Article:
Tuesday, February 28, 2017

Hidden costs in Retirement part 2

Tax tips for fewer retirement surprises:
Create your retirement plan - Getting a sense of your retirement goals and what they will cost you is the first step to building a tax-efficient retirement plan.  Your retirement plan is personal to your goals and income needs, so speak to an advisor to help you build the plan that's right for you.   

Maximize tax-advantaged savings as you near retirement – Now is the time to accelerate your savings by maximizing your RRSP and TFSA contributions. Not only will your savings grow without tax within these plans, when you withdraw funds in retirement you'll likely do so at a lower income so you'll pay fewer taxes (with an RRSP) or no tax at all (with a TFSA).

Withdraw RRSP funds strategically – and re-invest in a TFSA – Although funds can remain in your RRSP until age 71, consider how early withdrawals may help to reduce your overall tax bill in retirement. Use the  Retirement Calculators to understand how all of your income sources (benefits, pensions, savings) work together, and identify where you may be able to top up income at lower marginal rates. For added savings, consider re-contributing after-tax RRSP withdrawals to your TFSA, to continue tax-sheltered growth.

Retiring early? Time your withdrawals to maximize your benefits: If you're retiring early or entering semi-retirement, speak to an advisor about the benefits of using your savings or delaying your CPP/QPP benefits to fit your income needs for retirement.

Key poll findings:
Retired Canadians who faced surprises upon retirement say they were most surprised by higher spending and unexpected costs (30 per cent) including repairs and renovations, financial support for children/grandchildren/parents and costs of long-term care; health issues (24 per cent); and, a higher tax bill (15 per cent).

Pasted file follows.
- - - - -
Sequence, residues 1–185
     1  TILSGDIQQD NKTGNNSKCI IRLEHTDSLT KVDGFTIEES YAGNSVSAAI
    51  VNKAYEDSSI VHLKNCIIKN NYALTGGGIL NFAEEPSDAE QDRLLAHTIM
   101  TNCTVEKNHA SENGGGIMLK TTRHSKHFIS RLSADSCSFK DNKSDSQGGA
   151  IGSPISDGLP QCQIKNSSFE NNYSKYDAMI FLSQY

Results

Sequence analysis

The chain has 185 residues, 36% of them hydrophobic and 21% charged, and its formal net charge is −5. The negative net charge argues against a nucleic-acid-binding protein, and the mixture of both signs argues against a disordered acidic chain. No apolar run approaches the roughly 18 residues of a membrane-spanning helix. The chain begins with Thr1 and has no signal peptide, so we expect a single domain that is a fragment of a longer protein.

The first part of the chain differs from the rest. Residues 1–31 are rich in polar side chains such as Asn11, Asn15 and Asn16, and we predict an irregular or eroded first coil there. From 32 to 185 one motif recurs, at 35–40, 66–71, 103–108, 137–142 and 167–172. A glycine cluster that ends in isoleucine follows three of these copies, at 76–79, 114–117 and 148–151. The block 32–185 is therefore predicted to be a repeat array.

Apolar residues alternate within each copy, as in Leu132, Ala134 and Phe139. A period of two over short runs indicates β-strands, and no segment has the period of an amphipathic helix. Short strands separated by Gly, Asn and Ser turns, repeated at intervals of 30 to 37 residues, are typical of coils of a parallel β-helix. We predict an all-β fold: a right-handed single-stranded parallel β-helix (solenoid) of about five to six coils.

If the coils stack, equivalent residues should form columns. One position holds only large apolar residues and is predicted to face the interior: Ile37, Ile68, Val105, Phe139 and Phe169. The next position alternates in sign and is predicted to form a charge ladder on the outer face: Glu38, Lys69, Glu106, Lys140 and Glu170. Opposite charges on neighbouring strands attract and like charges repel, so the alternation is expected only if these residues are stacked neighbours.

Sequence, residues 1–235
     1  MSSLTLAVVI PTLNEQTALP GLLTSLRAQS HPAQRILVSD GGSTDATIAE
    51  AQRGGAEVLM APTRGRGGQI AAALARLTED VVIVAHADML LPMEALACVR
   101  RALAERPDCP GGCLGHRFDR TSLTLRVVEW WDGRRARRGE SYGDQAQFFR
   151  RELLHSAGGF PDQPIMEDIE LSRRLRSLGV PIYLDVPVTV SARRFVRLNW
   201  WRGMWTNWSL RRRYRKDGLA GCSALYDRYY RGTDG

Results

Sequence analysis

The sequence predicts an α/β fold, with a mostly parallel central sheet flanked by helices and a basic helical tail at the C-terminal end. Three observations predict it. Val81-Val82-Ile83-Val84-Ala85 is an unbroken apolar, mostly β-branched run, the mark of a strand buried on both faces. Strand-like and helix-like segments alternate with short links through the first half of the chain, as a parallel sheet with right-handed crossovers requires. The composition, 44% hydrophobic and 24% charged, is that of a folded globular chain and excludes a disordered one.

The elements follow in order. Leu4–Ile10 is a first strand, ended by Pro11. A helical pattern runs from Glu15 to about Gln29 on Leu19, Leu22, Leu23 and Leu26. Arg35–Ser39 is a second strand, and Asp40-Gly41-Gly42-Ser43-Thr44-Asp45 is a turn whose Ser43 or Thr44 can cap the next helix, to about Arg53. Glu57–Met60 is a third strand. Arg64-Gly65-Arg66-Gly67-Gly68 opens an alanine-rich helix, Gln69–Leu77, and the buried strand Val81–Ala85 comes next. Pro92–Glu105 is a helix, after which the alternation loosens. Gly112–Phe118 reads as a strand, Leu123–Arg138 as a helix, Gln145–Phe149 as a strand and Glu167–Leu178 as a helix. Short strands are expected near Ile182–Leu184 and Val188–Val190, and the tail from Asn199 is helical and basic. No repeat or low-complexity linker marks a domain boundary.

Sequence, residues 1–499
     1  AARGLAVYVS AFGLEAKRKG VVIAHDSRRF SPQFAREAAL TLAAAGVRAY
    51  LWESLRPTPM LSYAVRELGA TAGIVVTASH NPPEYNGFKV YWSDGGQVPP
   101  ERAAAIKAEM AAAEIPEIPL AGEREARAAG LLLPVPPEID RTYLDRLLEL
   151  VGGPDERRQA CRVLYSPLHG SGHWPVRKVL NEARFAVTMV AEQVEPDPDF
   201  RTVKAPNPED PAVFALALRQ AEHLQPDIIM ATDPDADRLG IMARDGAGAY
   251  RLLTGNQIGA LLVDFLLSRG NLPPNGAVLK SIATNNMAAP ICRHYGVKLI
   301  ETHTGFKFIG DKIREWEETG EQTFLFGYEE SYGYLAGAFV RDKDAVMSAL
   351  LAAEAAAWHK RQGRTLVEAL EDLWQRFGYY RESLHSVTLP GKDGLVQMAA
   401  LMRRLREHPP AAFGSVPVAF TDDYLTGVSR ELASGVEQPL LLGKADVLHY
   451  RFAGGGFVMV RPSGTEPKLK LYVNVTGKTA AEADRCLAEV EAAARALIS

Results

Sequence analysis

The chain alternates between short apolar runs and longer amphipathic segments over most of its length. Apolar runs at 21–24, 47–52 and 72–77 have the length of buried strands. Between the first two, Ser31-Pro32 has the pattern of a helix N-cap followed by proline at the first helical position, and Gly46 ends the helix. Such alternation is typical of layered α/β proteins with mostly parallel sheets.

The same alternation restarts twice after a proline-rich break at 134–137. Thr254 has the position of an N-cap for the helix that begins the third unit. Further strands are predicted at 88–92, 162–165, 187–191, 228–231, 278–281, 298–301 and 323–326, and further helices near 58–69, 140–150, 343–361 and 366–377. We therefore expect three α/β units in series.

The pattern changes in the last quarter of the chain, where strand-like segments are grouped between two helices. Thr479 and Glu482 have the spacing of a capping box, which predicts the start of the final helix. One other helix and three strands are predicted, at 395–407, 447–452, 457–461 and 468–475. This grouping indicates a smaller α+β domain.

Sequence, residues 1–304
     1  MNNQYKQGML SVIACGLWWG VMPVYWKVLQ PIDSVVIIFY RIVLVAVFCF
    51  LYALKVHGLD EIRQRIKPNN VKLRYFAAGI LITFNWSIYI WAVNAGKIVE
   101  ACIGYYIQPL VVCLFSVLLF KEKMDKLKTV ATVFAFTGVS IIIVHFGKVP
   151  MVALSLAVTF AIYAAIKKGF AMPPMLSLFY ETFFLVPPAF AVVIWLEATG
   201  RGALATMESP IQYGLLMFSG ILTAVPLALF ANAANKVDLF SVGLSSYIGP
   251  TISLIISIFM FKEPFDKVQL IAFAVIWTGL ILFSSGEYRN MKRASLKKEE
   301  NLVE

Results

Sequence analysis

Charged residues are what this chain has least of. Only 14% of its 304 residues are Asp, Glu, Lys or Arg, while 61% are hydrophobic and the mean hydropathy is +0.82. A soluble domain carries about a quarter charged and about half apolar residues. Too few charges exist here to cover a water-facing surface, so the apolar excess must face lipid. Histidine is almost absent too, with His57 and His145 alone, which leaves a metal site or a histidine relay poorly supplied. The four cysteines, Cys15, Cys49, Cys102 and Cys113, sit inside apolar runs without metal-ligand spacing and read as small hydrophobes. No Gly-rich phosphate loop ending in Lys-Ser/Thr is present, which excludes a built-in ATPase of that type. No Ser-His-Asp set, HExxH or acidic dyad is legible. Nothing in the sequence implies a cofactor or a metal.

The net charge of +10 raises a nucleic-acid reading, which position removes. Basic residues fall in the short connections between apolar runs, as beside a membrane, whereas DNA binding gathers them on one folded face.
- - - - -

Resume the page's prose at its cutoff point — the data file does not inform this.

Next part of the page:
Compounding the issue, nearly half of retired Canadians (48 per cent) stopped working earlier than expected. Reasons they retired earlier include:

33 per cent due to an unexpected health issue
22 per cent were asked to retire by their employer

In hindsight, retired Canadians with retirement regrets say they wish they'd started planning sooner (38 per cent), saved more outside of their RRSP (38 per cent), and would've retired later (22 per cent).

Canadians aged 50+ who faced surprises upon retirement:
I experienced unexpected health issues
I had to pay more taxes than I had anticipated
I had to carry debt or mortgage into retirement
*Unexpected home repairs or renovations forced me to use some of my savings
*I spent more money than I thought I would
I wasn't financially prepared for a change in my life circumstances
*Travelling cost me more than I had anticipated
*I didn't anticipate providing financial support for my children/grandchildren
*I didn't realize the costs of long-term care for myself or my spouse
*I wasn't prepared for the costs or loss of income due to caring for my aging parents
 * Total of 30% for "Unexpected Expenses"

Top three things Canadian retirees aged 50+ who would go back and change anything pre-retirement:
I would've saved more outside RRSPs (e.g. TFSA, savings)
I would've started my retirement planning sooner
I would've retired later

Time of retirement for Canadians 50+:
1-2 years earlier
3-5 years earlier
1-2 years later
3-5 years later

Canadian retirees top reasons for retiring earlier than planned, by percentage:
I retired earlier due to an unexpected health issue
I was asked/incented to take early retirement by my employer
I had enough savings to retire earlier than planned
CIBC Retirement Surprises Poll Disclaimer:
From February 6 to 9, 2017 an online survey was conducted among 662 retired Canadians over the age of 50 who are Angus Reid Forum panellists. The sample outgo was balanced on age, gender and region to Census Canada. For comparison purposes, a probability sample of this size has a margin of error of +/- 3.8%, 19 times out of 20.

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